In the world of soccer, sponsorship deals are a must-have for teams hoping to compete at a high level. When entire leagues offer sponsorship naming rights, such as the formerly Barclays Premier League (England) or La Liga BBVA (Spain), large amounts of money opens up opportunities for sponsors to get their name or brand in front of the consumer. In 2020, the French soccer league will be called Ligue 1 Uber Eats…
Some of the most well-known sponsorship deals in the soccer world are the kit sponsorship deals, where a logo appears on the front of a team’s on-field jersey. Some deals you may have heard of probably involve Manchester United, Juventus, Real Madrid, or Barcelona.
That’s why when one small team located in England decided to get rid of the shirt sponsor all together, it made people question why others haven’t followed suit. Huddersfield Town FC in West Yorkshire, England, in collaboration with Paddy Power, have launched the #SaveOurShirt campaign, effectively “returning the shirt to the fans” instead of having sponsors shoved in your face.
Below are some of the top-selling soccer jerseys and their sponsors throughout the world.
|Manchester United – Chevrolet||Juventus – Jeep||Barcelona – Rakuten|
Is it worth it for the clubs?
Some of you may be asking yourself, “Is this actually worth it?” To the average sports fan, you may think this is crazy to have a sponsor on the front of the shirt instead of the team logo or name. After all, we are used to the iconic uniforms in American sports like the Yankees pinstripes, or solid-color NBA jerseys with the team name written across the front (although recently the NBA has put sponsorship patches on the shoulder).
So, how much are these sponsorship deals actually worth? Let’s start with the ones we named earlier. Manchester United, arguably the world’s biggest soccer team, has Chevrolet paying $66 million USD per season. Juventus’ shirt sponsorship deal costs them roughly $19 million per season. Barcelona has Rakuten paying approx. $58 million per season.
So, it all depends on the “size” of the team, but you can see that these deals are extremely lucrative and can have a major impact on a team’s ability to spend money on “free agents”.
Would you be okay with the Indians offering up sponsorship spaces on their jersey if it meant an extra ~$30 million/year that could be spent on keeping Francisco Lindor in Cleveland?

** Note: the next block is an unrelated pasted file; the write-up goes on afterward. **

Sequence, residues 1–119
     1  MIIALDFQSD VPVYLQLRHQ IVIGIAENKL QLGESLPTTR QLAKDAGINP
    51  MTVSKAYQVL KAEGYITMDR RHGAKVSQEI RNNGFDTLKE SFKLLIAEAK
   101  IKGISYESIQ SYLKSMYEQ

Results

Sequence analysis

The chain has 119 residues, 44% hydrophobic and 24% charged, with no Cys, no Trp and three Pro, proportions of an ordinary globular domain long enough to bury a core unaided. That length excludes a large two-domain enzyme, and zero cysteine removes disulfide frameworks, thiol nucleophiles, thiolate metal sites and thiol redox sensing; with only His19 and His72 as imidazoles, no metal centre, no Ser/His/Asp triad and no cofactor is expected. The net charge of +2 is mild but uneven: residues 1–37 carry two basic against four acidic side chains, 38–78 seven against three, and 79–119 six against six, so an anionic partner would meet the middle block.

Greatest sports publicity stunt ever?
When Huddersfield Town announced just over a week ago that Paddy Power would be their new shirt sponsor, fans were rightfully outraged when they saw what the team and company had come up with…
I can’t even come up with one positive word about this kit, and fans were rightfully fuming when this was released. It definitely shook up the soccer world, with many fans replying to Huddersfield Town’s official Twitter account with harsh words and reviews. Some fans were even willing to go to court over the matter, saying the logo was beyond the dimensions of what is technically allowed for a sponsor.
Whether you consider it bad publicity, or if you think there’s no such thing as bad publicity, Huddersfield town got more than they asked for when they released this fake kit. Almost every news outlet in the UK was reporting on this, and some even made their way right here to American news networks.
Definitely illegal, taking this to the High Court then Court of Arbitration for Sport if I have to pic.twitter.com/bMkWlww45u— Michael Smith (@mickiosmithio) July 17, 2019
Huddersfield even took it so far as to play a preseason game in the Paddy Power jersey, making their fans think that what they were seeing was actually real.
Thankfully, Huddersfield Town announced two days after the initial stunt, that the whole thing was a part of the newly announced #SaveOurShirt campaign by Paddy Power, going back to the old style roots before sponsors ruled the soccer world.
To me this shirt looks much better now that the sash has been removed from across the front. Paddy Power actually removed ALL traces of their brand on the shirt, leaving it up to the club for the design. This has proven to be an exceptionally well-run “publicity stunt”, and Huddersfield Town has had trouble fulfilling the demand of their new jersey!
People lined up for the release of the new sponsor-less version, and Huddersfield town had to open up their team shop on a Sunday when they’re normally closed because the demand was so high.
Both Huddersfield Town and Paddy Power have been blown away by how successful this campaign has been, and they hope it can serve as a reminder that the fans should be a priority for the sport.
❗️ We are still auctioning off 15 of the fake @paddypower shirts worn in the game against @officiallydale to raise money for three local charities!— Huddersfield Town (@htafc) July 22, 2019
😁Bid for one NOW, don’t miss out!#htafc
To make things even better, Huddersfield has announced that they are auctioning off the jerseys the team wore in the preseason match, and all the money is going to three of their local charities. Good on you Huddersfield Town!